Revista Mensual y Gratuita
Nº99, November 2011
The power of those who manage a company, organization or government attracts smarmy ‘yes’s’ and pushes away responsible ‘no’s’. It is easier or less risky to join the parade of those who adulate than to point out a disagreement, a mistake, a warning on possible negative consequences of a decision that is to be taken. At the other end, those who systematically oppose a certain initiative multiply the ‘no’s’ to such an extent that they are extremely exposed to emptying them of meaning and credibility.
Those who manage initiatives develop an ability to make things happen and, in that effort –which is not minor- whatever blocks or delays the ‘doing’ turns out to be annoying, dysfunctional for the short-term. There are good reasons for that feeling because the difficulties involved in any management are not scarce, even more so if the goal is to transform the present situation since interests resilient to change will have to be faced. In all cases it is necessary to overcome functional and technical obstacles; to work with those who think differently; to fight the disinformation, ignorance, negligence or indifference of some; to solve any lack of coordination there could be between the actors involved; to face spurious interests, discrepancies among splinter groups, corporate or political patronage, corruption, energies’ sterilization, hidden intentions, aggressive personalities. In short, what the manager has to face so that what he or she proposes can finally be materialized is far from little. It must not come as a surprise then that those doers do not encourage prolonging arguments that could delay or immobilize their actions; they are the ones that ultimately make the main decisions and assume the risks and consequences of having made them. In that context, how can one express a disagreement, a non conventional proposal; how to influence in order to improve and not delay or paralyze?
Repeated no’s spring from those stubbornly opposed to the initiative in course; some are well-founded but generally much more are unfounded and, in this sense, malicious. For an opponent it is much more difficult –but all the more brave- to offer a yes to the management in course when convinced of the initiative in question’s merit. Few are the opponents capable of giving a responsible yes; it could turn against them. Besides, the pressures those who stubbornly oppose an initiative receive are not meant to value the management’s results but to discredit them. Honesty and dignity are not frequent assets when narrow interests are at stake.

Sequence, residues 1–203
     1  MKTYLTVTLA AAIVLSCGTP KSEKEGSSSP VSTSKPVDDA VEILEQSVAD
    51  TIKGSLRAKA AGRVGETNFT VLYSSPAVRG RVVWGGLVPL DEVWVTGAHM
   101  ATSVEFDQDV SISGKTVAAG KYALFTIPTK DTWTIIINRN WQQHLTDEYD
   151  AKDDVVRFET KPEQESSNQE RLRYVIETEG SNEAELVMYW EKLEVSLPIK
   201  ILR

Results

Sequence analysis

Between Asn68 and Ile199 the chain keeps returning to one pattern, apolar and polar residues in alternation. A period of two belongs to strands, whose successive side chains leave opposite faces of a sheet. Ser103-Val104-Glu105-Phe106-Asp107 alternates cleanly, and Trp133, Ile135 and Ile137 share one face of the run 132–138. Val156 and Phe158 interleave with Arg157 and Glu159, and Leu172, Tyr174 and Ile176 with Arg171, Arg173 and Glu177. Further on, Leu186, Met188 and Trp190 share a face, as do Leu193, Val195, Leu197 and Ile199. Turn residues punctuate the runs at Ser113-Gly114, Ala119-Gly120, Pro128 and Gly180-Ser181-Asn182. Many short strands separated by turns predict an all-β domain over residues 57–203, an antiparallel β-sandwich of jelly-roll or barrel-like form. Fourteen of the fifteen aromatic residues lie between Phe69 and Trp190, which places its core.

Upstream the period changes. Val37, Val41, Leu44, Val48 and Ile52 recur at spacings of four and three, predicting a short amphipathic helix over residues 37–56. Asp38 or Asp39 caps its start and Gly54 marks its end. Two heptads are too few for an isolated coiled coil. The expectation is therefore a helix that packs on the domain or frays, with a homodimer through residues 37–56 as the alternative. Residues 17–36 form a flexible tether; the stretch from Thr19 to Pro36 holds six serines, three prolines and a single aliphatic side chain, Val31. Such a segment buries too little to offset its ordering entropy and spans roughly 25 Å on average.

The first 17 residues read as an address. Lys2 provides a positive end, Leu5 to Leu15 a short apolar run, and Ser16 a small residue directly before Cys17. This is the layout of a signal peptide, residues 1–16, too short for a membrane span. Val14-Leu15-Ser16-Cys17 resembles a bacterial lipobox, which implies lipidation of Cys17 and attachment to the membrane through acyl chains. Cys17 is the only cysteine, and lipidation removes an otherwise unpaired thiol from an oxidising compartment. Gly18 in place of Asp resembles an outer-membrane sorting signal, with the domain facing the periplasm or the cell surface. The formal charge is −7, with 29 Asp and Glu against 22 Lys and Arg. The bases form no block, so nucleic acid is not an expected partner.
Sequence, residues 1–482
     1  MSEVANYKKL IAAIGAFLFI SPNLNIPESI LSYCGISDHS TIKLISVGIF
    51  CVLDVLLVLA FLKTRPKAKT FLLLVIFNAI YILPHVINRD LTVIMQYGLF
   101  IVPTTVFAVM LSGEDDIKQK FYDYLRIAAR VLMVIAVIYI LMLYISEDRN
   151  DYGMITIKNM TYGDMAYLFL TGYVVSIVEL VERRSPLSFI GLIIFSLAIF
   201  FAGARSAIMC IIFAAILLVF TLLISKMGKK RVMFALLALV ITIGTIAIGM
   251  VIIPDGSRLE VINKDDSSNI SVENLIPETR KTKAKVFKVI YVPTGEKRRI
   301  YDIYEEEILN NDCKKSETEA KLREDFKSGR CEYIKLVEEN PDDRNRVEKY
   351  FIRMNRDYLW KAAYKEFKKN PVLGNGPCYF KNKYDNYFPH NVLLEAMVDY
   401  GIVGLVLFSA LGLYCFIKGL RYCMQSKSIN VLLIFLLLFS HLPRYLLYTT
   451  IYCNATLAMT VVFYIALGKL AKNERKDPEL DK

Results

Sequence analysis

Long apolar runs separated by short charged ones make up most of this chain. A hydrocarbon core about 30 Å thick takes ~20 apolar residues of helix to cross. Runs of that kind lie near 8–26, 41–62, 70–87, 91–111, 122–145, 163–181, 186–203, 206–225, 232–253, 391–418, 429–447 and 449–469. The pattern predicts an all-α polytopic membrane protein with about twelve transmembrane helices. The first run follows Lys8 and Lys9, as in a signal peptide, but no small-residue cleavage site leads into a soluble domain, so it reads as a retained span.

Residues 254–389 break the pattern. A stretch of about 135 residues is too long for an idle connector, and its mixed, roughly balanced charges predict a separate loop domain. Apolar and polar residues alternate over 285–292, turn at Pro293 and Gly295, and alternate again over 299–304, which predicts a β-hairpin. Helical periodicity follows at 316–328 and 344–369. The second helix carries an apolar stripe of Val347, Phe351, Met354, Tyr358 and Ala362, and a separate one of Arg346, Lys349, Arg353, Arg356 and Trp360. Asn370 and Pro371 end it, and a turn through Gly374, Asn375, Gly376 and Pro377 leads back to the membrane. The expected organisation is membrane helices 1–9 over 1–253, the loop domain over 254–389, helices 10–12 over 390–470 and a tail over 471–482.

It is just as hard to offer a no from the very management team. To implement or consolidate an initiative demands so much effort that managers present harsh resistance to accept, beyond brief exchanges of opinions, a new front of discussion emerging from within their own team. That no can disturb, be untimely, maybe even suspicious; it has costs and implications for those who express them, although it may later on end up avoiding mistakes or shortcomings.
A responsible no and a responsible yes can help build a better future and a more sustainable trajectory. But it takes courage and ability to express them. Courage to speak up one’s own truth even when the majority of voices pretends to silence it (there is no shortage of custodians and guardians of conventional courses and they can become fierce). But courage has to be accompanied by the ability not to be disruptive nor generate, except for extreme cases, the initiative’s collapse. One will have to use certain ways and choose opportunities that facilitate being heard. Sometimes, moderate observations are enough; other times, when channels of expression are blocked, confidentiality implodes and disagreements become public.
Today not many know how to combine honesty, courage and ability to voice a responsible no or yes. When they do, they contribute with discretion and without vociferating to strengthening a better decision’s environment, containing and even protecting doers often too embedded in their commitment to build. That contribution, although not very visible, is crucial to strengthen an environment of democratic participation in all sorts of organizations and institutions. As it always happens, responsibility does not emerge easily here either: it goes hand in hand with bravery and integrity.
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